6. Buddhism as a set of temples, Buddhists, traditions, rituals and other things is a religion, while the teaching itself is a philosophy. Just on the basis of the teachings of the Buddha, the religion of Buddhism appeared.

  7. “Buddhism, like the Jain religion, was originally a monastic religion that originated in circles belonging to the kshatriya caste, to satisfy the religious needs of enlightened people who were not brahmins” But then it was greatly expanded from the original source. In principle, any philosophical teaching where there is a dual Deity, a doctrine about the soul, spirit, or both, while there is a concept and a clear idea of the afterlife is called a religion. With Buddhism recently as a recognition of it as a full-fledged denomination on an equal footing with everyone:Judaism, Catholics . Protestants and Muslims have only one problem . The concept of deity there is impersonal, that is, all the teachings that the Buddha speaks to him were given from above, but not from a person, but from some impersonal potential. The Buddha himself, though revered as a deity, is not a god . only a prophet.

  8. First, this question is easily clarified visually, for example, if you go to a real meeting of real Buddhists, for example, to the Moscow or St. Petersburg Theravada community (or take my word for it – I attend such meetings). After you see the recitation of Paritta suttas (special suttas from the Pali canon that have protective powers – for example, when someone is ill or when otherworldly beings are acting maliciously towards them), the blessing of Buddha puja (a special dish on which a portion of all the food that lay people brought for a joint dinner is laid out), the merit initiation ceremony, and the recitation of stanzas that call the deities to listen to today's Dhamma talk, you will stop asking such questions and immediately understand what it is, without any doubt, religion.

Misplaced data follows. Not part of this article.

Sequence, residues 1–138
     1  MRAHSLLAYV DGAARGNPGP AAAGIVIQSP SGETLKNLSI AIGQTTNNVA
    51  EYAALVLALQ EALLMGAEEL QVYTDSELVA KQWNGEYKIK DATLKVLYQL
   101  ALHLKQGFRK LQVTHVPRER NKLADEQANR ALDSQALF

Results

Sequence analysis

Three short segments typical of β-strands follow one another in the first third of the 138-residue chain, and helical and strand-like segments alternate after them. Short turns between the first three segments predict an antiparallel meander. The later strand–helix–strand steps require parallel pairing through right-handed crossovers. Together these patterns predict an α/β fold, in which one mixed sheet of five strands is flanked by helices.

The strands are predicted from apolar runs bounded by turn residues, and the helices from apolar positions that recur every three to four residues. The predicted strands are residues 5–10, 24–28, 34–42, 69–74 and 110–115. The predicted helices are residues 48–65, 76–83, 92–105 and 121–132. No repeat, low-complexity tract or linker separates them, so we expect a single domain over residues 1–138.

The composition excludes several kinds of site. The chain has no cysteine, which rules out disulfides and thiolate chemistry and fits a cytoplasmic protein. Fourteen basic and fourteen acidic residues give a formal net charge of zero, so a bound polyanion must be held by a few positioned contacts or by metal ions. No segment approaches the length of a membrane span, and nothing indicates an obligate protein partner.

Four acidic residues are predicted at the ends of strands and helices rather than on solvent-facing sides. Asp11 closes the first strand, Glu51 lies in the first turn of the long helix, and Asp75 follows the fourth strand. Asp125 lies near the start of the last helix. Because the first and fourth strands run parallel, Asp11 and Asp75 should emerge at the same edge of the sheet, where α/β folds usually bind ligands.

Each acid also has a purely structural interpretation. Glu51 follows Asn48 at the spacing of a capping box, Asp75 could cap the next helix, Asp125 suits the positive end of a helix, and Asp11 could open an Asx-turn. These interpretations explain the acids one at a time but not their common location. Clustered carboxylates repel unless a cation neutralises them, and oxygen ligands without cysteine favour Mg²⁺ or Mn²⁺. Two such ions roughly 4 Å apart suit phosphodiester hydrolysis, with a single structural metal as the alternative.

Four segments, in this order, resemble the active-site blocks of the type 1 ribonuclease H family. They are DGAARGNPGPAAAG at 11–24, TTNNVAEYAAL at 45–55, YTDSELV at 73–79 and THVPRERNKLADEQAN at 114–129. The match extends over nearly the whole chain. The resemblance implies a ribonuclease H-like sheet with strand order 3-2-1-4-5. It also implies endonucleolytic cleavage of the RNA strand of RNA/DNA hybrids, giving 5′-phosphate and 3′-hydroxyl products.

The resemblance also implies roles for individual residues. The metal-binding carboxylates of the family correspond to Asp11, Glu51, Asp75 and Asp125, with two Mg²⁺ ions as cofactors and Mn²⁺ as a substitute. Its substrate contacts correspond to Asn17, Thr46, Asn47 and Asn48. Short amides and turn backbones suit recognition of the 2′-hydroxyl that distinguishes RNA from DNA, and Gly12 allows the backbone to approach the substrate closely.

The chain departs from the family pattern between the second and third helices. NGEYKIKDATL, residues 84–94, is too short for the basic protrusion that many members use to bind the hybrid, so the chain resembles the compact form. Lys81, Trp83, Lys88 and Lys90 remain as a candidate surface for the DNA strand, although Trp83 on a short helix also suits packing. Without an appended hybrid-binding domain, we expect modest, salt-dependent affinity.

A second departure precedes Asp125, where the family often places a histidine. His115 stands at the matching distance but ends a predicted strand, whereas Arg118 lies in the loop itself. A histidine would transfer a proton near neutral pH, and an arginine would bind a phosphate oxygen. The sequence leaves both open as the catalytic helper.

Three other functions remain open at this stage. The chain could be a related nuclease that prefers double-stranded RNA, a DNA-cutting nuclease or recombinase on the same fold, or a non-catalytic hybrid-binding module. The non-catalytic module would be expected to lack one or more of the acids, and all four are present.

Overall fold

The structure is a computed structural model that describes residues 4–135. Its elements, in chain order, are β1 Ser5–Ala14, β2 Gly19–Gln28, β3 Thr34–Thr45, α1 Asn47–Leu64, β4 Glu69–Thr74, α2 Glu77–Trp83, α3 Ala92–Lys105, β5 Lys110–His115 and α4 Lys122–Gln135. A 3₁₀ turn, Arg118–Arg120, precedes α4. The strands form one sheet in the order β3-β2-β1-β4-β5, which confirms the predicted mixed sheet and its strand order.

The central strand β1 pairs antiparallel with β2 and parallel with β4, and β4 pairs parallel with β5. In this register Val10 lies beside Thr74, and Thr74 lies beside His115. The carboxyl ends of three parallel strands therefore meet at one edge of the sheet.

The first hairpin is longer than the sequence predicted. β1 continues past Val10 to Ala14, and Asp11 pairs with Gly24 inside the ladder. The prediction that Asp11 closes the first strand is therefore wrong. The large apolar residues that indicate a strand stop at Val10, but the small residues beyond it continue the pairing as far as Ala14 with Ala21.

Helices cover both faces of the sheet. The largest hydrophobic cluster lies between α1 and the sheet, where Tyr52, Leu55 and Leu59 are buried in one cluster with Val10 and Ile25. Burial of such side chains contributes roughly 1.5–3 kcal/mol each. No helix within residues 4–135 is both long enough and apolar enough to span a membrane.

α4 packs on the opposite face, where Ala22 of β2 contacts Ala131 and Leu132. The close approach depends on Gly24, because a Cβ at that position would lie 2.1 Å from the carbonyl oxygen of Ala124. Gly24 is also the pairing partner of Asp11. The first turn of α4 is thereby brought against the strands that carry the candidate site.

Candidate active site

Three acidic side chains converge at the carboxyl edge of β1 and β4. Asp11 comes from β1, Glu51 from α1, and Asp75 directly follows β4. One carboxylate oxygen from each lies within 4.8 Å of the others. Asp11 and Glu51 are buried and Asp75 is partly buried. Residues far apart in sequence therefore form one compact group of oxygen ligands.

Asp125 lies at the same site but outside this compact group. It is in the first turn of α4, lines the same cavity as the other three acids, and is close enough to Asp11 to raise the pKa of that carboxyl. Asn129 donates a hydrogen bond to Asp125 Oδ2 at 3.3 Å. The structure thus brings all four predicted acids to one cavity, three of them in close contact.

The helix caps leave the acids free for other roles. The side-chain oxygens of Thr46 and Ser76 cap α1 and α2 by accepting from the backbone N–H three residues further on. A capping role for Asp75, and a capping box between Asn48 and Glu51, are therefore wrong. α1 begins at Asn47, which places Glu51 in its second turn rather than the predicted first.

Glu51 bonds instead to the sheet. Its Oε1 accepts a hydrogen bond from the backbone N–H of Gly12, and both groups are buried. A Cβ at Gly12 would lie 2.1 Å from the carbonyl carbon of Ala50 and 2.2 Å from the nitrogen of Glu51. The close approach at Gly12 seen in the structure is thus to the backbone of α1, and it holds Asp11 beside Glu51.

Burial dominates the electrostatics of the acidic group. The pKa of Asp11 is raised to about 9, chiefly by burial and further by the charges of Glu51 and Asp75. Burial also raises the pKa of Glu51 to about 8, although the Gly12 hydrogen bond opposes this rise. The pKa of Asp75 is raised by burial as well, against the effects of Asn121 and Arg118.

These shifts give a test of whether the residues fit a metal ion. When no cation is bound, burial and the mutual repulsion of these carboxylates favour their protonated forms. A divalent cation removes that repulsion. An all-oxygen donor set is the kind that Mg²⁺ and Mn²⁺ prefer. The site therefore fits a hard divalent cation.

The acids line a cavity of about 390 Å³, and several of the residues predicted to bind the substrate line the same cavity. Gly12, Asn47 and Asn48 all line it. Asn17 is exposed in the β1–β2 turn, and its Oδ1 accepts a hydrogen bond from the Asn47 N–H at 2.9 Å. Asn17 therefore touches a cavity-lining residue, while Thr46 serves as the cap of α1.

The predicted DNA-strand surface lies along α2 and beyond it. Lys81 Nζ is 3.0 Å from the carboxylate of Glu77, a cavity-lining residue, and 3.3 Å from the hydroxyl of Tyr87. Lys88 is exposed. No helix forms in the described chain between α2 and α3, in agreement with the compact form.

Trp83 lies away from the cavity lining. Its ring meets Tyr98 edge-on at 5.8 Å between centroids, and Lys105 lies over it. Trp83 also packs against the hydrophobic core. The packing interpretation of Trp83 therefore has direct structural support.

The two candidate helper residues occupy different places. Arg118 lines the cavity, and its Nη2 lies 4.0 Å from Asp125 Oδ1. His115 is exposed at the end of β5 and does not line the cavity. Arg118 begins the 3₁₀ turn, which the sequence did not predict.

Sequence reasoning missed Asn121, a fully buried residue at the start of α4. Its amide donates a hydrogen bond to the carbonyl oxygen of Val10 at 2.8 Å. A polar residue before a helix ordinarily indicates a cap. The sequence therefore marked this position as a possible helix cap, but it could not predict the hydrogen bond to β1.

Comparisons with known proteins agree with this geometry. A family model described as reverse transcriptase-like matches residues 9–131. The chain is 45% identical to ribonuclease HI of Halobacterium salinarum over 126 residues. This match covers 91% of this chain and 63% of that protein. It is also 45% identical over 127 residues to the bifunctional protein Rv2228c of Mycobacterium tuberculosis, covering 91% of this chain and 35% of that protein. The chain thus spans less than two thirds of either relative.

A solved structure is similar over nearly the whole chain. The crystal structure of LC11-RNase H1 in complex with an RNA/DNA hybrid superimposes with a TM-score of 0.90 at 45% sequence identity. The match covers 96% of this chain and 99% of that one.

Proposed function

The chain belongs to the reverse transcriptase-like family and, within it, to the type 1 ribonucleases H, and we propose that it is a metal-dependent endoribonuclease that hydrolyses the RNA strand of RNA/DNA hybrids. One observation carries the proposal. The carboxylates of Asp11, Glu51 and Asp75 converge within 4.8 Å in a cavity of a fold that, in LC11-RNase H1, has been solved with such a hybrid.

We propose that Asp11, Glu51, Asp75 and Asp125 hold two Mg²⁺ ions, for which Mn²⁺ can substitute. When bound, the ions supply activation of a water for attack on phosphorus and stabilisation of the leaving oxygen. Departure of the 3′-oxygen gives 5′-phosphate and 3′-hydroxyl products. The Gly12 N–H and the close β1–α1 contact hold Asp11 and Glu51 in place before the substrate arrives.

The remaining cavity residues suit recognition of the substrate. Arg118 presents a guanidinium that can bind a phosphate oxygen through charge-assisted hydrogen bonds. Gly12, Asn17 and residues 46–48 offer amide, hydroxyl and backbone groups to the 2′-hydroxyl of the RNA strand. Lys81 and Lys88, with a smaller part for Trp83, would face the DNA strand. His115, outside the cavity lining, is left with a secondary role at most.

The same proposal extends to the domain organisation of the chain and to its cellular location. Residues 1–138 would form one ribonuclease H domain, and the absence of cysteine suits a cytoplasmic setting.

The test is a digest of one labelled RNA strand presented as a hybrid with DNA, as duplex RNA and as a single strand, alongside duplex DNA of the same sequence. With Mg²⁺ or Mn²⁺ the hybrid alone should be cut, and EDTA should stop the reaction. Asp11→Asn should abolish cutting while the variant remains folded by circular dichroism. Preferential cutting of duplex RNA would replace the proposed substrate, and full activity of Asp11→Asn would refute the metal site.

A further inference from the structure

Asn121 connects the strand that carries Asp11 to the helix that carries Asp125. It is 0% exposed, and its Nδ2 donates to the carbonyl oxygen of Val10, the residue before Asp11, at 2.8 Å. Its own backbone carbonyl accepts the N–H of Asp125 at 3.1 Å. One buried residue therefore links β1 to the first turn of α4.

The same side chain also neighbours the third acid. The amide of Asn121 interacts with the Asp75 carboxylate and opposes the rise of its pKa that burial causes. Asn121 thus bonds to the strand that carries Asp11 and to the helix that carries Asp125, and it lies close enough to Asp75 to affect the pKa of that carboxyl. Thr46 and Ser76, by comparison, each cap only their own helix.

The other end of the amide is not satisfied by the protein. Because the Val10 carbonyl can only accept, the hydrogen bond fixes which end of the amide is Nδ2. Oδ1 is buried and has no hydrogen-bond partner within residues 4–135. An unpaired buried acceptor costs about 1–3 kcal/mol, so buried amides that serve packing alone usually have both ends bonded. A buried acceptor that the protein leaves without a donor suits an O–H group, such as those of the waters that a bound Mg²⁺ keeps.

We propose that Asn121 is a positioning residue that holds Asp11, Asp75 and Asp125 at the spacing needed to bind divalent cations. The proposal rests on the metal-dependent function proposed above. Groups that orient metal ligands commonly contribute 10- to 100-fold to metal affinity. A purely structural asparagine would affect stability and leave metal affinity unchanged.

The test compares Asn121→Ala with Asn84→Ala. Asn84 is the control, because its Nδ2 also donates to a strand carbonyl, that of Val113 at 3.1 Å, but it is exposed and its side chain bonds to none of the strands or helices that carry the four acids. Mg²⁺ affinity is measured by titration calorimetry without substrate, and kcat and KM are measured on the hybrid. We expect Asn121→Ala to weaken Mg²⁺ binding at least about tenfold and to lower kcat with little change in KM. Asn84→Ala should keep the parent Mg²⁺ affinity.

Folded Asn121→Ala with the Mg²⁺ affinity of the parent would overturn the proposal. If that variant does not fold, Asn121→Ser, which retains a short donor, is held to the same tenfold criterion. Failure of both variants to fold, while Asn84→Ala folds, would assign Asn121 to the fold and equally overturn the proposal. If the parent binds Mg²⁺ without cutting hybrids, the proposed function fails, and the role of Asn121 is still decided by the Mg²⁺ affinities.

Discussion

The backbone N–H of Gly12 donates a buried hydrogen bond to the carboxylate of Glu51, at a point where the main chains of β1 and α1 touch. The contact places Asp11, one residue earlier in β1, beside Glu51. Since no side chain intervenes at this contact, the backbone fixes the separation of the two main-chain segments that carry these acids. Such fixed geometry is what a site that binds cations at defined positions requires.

Secondly, it is necessary to understand where the idea of Buddhism as “just such a philosophy”came from. I've already said this several times here, but I can repeat it again, it's not difficult for me 🙂 It's going to be a little long and boring right now:

    During the period of the emergence of industrial capitalism and the collapse of traditional society, that is, in the 18th and 19th centuries, an individual appears in Europe who begins to have free will in relation to his own life. After mass migration from rural areas to cities, the individual has the opportunity to choose the place and type of activity. He even has the opportunity to choose a marriage partner of his own free will – the great German sociologist Niklas Luhmann noted, for example, that the very concept of romantic love arises just at this time as a way to legitimize the free choice of a partner from another class.�

    Similarly, in the 19th century, active secularization began: in an industrial society, the church was no longer able to perform the same functions as in a patriarchal traditional society, and the need for it as an important social institution disappeared. In addition, at this time, society was strongly influenced by positivism, which rejected the religious picture of the world. For example, according to Auguste Comte, humanity has evolved from the most primitive-the theological stage, to the most progressive, that is, the scientific or positive stage of development.�